A Winnipeg nun uses the heavenly sounds of her harp to comfort patients at an assisted living centre. 

Jeannine Vermette has been making music as long as she can remember and now shares her talent and passion with those who need to hear it the most at Actionmarguerite. 

Vermette started piano lessons when she was six years old. Between her time playing the piano, accordion, organ, and then guitar, she wondered, "'How can I be more useful in this world of ours?' I had worked with some elderly people and some who were ill and I thought that it would be nice to be with them and do something that will really help them in their suffering and the last few miles that they have to live."

As she was figuring out what it would look like to help out, Vermette decided to try out another instrument. "I took some harp lessons and a course called International Harp Therapy. This led me to Actionmarguerite."

Saying that she learned to play the harp, "To be more present for those that were suffering," has been a perfect fit. "Harp has many strings and they are feeling strings."

Playing the harp has been a journey for Vermette and has posed many differences compared to other instruments. "The important thing is it's all in the listening. Even if you're there and not playing anything, the important thing is that you're listening to the person. Listening to who they are, what they want, and what they're living. So you add a little bit of soft music to that and it helps them along," Vermette says.

As Vermette plays for those at the end of their life, being by their side has been very important for her. "When I heard about this program, NODA [No One Dies Alone], that really got me excited because I think it's so important for people not to die alone. We had such terrible experiences during COVID-19, people passing and nobody with them and family couldn't see them."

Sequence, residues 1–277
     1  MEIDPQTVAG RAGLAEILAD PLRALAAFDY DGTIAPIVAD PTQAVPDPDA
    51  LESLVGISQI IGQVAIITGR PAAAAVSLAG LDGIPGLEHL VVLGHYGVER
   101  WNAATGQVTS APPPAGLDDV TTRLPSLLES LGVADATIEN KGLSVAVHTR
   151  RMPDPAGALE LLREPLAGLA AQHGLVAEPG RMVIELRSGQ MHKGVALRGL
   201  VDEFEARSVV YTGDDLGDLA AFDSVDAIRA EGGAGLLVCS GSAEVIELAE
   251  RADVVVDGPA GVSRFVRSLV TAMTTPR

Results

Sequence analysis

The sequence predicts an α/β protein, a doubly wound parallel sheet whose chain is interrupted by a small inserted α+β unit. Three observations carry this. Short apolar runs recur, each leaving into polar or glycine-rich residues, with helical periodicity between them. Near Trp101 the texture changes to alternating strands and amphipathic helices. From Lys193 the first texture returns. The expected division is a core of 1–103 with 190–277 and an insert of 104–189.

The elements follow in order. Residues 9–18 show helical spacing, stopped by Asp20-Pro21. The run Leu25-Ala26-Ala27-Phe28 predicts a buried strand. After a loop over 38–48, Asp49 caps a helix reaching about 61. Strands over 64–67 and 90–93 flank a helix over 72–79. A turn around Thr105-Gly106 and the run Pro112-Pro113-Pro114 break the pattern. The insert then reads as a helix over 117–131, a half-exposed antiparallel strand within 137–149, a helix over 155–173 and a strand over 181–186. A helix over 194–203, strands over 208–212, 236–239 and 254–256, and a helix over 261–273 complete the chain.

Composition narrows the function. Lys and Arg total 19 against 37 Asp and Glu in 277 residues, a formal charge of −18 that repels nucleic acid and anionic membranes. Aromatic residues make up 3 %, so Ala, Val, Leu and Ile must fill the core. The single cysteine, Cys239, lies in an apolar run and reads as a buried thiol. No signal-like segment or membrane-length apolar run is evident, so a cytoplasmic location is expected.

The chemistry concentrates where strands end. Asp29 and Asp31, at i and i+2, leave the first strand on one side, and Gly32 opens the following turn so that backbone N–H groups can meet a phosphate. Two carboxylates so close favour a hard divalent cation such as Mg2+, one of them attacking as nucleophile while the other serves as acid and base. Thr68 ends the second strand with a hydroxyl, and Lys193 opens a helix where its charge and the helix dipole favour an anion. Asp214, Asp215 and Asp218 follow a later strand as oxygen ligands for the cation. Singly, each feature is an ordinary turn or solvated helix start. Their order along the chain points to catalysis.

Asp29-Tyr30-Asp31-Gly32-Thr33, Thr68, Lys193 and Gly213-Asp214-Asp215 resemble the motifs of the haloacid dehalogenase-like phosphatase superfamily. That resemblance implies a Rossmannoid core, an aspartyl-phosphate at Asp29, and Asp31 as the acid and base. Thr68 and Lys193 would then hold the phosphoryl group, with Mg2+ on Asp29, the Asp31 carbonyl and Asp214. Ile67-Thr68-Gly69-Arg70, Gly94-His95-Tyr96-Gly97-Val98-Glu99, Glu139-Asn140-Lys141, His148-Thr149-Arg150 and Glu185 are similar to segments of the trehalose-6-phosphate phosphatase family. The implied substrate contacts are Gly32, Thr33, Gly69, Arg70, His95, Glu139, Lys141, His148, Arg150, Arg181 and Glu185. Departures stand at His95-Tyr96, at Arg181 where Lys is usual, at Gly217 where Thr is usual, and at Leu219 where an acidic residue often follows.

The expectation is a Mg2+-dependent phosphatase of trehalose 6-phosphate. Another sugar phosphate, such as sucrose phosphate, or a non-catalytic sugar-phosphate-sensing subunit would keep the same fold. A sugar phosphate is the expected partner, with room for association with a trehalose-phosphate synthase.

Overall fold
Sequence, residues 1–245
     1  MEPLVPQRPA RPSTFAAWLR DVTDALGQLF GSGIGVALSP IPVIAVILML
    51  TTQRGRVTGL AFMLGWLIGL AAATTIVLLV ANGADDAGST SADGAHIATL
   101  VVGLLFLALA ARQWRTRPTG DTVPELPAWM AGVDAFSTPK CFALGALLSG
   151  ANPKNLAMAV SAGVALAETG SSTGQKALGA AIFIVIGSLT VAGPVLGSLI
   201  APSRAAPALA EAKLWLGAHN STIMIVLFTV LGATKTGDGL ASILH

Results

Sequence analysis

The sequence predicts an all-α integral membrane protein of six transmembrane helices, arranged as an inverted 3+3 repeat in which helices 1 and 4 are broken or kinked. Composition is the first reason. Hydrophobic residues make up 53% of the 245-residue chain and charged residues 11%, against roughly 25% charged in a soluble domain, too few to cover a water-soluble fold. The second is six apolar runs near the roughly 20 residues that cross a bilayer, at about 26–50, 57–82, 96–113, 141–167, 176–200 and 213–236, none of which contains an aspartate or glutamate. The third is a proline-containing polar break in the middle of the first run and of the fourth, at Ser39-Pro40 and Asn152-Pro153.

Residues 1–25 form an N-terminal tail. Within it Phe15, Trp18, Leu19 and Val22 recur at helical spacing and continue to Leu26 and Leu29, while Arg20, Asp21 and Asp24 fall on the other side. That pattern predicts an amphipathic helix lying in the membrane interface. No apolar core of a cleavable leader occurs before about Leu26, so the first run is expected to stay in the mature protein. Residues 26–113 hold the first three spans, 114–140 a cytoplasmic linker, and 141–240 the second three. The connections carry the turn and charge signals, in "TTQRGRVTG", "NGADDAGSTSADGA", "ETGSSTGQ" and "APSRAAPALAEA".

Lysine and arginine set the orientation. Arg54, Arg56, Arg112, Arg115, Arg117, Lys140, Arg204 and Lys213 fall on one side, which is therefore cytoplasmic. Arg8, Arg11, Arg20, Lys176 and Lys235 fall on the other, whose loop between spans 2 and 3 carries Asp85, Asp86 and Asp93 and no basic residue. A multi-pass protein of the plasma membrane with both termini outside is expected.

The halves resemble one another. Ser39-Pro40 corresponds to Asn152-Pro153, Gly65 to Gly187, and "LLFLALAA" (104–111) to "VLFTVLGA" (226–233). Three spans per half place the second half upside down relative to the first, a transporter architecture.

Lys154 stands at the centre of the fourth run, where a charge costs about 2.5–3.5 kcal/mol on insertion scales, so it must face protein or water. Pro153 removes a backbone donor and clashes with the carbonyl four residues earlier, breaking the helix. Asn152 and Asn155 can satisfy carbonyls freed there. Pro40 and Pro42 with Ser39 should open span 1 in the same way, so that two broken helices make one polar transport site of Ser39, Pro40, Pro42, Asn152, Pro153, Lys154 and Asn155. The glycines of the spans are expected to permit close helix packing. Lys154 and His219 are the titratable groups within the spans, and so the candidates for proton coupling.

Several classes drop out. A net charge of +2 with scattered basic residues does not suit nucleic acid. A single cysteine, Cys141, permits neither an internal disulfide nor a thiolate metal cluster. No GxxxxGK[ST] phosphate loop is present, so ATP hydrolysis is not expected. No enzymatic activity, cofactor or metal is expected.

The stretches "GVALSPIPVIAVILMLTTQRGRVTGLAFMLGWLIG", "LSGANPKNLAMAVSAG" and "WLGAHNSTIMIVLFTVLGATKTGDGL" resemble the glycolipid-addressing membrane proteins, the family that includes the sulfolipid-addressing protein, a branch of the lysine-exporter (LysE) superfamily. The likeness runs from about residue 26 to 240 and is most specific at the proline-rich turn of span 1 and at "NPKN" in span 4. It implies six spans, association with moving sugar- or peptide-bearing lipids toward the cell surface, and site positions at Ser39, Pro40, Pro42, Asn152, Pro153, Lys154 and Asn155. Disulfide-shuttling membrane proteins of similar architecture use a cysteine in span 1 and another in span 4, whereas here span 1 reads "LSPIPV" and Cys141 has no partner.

Vermette says that sometimes, those that she plays for just want to have someone there to listen. "I was playing for a man who was not feeling well and I started to play, he started to tell me his story so I played along, then I stopped playing and he just continued and continued, he had so much to say. Just to have someone there to listen to them is important, so many people are alone and lonely." 

Looking back at her years playing, one fond memory sticks out. "I remember playing on the eighth floor at St. Boniface Hospital, for a man I had seen a few times. I had gone in with my harp and we talked a little bit, and he said, 'What you played happens to be my favourite song. I just really love it.'" As that encouraged Vermette she says "It was such a coincidence that I happened to play his favourite song without even knowing, and the next day he had passed. So I thought, 'What a nice gift to be able to give him to play his favourite song just before he goes.'"

As far as her schedule, Vermette says it varies depending on the need but typically happens in the afternoon between 2-4. "It seems to be the best time for the people who are there."